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About Corvallis gazette. (Corvallis, Benton County, Or.) 1900-1909 | View Entire Issue (Dec. 1, 1905)
The Kind Ton Have Always Bought and -which has been
in use for ovei SO years, Das borne the signature of
- and has been made under his per- .
P . sonal supervision since its infancy.
Allow no one to deceive you in this.
All Counterfeits, Imitations and " Just-as-good" are but
Experiments that trifle with and endanger the health off
Infants and Children Experience against Experiment
What is CASTOR! A
Castoria is a harmless substitute for Castor Oil, Pare
goric, Drops and Soothing Syrups. It is Pleasant. It
contains neither Opium, Morphine nor other Marcotie
substance. Its age is its guarantee. It destroys Worms
and allays Feverisliness. It cures Diarrhoea and Wind
Colic. It relieves Teething Troubles, cures Constipation
and Flatulency. It assimilates the Food, regulates tho
Stomach and Bowels, giving healthy and natural sleep
The Children's Panacea The Mother's Friend.
CENimJE CASTORIA ALWAYS
The Kind You Have Always Bought
Sn Use For Over 30 Years.
THE CCNTAUn COMPANY, TT MURRAY STREET, HEW YORK CITY.
ARRIVAL AND DEPARTURE OF MAILS.
8:30 a. m. Mail arrives by stage
for Portland and all points
North and East, also for
10 a.m. FromMonroe by stage.
11:15 a. m. From Philomath and
points West on C. & E.
12 m. From Portland and all
points on the West Side.
1:30 p. m. From Albany and all
points North on the S. P.
For results advertise in the Gazstte
LANDS FISH WITH LASSO.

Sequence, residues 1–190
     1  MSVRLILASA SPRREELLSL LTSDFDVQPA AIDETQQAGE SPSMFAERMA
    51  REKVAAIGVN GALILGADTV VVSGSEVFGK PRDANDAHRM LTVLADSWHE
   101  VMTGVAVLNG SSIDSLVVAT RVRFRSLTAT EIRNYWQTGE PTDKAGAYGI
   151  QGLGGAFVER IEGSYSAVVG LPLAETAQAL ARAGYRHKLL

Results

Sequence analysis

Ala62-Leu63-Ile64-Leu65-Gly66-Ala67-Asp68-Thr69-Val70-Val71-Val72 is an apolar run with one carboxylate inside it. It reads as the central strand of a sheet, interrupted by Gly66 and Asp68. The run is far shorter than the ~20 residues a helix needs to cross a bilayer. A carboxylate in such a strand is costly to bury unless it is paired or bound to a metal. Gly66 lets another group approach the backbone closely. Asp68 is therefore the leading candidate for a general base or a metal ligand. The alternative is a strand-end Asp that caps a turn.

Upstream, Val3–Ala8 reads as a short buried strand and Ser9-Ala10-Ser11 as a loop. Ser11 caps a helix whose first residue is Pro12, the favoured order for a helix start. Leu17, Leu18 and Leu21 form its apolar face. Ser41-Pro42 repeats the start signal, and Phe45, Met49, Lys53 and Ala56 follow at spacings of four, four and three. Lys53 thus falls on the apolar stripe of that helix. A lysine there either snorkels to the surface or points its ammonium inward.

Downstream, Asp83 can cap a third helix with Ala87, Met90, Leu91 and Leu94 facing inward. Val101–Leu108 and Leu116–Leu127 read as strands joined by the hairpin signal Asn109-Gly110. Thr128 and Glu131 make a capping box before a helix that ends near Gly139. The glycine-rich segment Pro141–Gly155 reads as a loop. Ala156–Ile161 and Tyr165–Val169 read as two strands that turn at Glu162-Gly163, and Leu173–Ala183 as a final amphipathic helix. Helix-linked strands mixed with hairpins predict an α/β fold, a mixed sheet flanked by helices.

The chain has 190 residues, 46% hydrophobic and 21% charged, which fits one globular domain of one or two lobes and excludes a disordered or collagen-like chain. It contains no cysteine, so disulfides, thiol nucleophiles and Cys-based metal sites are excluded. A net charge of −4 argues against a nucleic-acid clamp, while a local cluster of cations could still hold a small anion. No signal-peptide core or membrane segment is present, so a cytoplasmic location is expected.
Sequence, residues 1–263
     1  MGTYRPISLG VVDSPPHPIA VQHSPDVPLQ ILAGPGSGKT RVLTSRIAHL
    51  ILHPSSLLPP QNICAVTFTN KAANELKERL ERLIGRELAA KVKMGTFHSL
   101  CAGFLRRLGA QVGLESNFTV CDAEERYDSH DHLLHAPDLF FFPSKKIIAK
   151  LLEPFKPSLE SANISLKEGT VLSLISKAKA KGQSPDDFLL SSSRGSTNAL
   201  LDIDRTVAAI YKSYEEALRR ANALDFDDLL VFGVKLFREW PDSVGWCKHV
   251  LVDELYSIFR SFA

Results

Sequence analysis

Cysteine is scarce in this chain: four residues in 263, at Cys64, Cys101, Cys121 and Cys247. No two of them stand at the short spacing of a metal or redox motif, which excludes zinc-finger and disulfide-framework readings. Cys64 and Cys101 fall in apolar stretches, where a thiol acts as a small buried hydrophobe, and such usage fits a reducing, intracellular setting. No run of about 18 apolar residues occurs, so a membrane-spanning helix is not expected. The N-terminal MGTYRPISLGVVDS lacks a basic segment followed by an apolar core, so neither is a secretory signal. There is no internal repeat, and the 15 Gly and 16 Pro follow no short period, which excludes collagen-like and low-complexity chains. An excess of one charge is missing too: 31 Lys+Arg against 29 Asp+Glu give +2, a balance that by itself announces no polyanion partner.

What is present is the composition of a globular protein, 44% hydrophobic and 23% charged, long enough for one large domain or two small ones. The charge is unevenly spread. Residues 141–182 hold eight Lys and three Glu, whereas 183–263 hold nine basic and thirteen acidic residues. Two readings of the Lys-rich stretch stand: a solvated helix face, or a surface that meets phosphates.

Sturgeon Weighing 104 - Founds
. Fights for Over an Hour Before
i He Is Finally Caught.
' Watertown, N. Y. The most exciting
nsh story, that is well authenticated,
heard so far this season, comes from
Massena, where Orvllle A. Baboock, a
famous fisherman of that section, had a
battle royal the other night with a mon
ster sturgeon. A few nights ago Qrville,
rtWho was passing near the racks of one
of the Massena canal power houses, saw
a sturgeon of gigantic proportions in the
foaming waters near the racks. Orville
took a rope, and, after a half hour's trial,
succeeded in getting a noose over the
For another half hour he fought to tire
the fish out, and finally, -when it lay quiet
against the racks, he got down, rested
One knee on the girt of the gatehouse
wall, and, with his shoulder against the
racks, reached down into the water to
pull the sturgeon out. After hauling the
. fish well up out of the water, he found
that he was unable to secure a hold low-'
er down on the slimy monster, on ac
count of having to cling to the girt with
one hand. He got a firm grip with his
teeth on the tail of the fish, but the
denizen of the deep gave a flop and tore
loose, leaving a hunk of the tail between
Orville's jaws. After another 20 min
utes' wrestle, the noose was slipped over
the head of the fish, and Orville hauled
him out. He tipped the beam at. 104
Beggars Print a Paper. - ," '
It has been discovered that the Paris
beggars' guild circulates a four-cent
weekly in Paris, giving the news of
fraternity - doings, articles upon . the
latest discoveries of means to wring
tears and cash from the tender-hearted,
announcement . of society affairs at
which beggars may hope for a rich
harvest, want ads., such as: "A mem
ber seeks a colleague able to simulate
fits," "Wanted Blind boy, curly-headed
preferred, able to play the violin."
The police, having found the list of
, subscribers, expect to be able to purge
the chapel doors of watering places of
many impostors. -
v Boycott oil Togo.
SVhen some of our various $100,000
men bear that Admiral Togo's salary
IS only 13,000, they may feel some la
clinaUon JO ftoyoott him tot cutting
III 1 1 - If 1 I
: MAIL DEPARTS.
6 a. m. For Albany and points
Easton the C. & E., and for
points North of Albany on
the S. P.
10:30 a. m. For Albany and all
points North and South on
. the S. P.
12:30 p. m. For West Side points,
Portland, and points North
and East, also for points
West on the C. & E.
2 p.m. For Monroe, Or -
6:15 p. m. For Portland, Cali
fornia, and points North,
East and South.
COST OF LIVING HIGH
PBICES OF ALL FOODvPBODUCTS
Bureau of Labor Issues a Bulletin
Showing Increase in Recent
- years Steady Climb.
Washington. Prices of fuel, cloth
ing, and practically all food products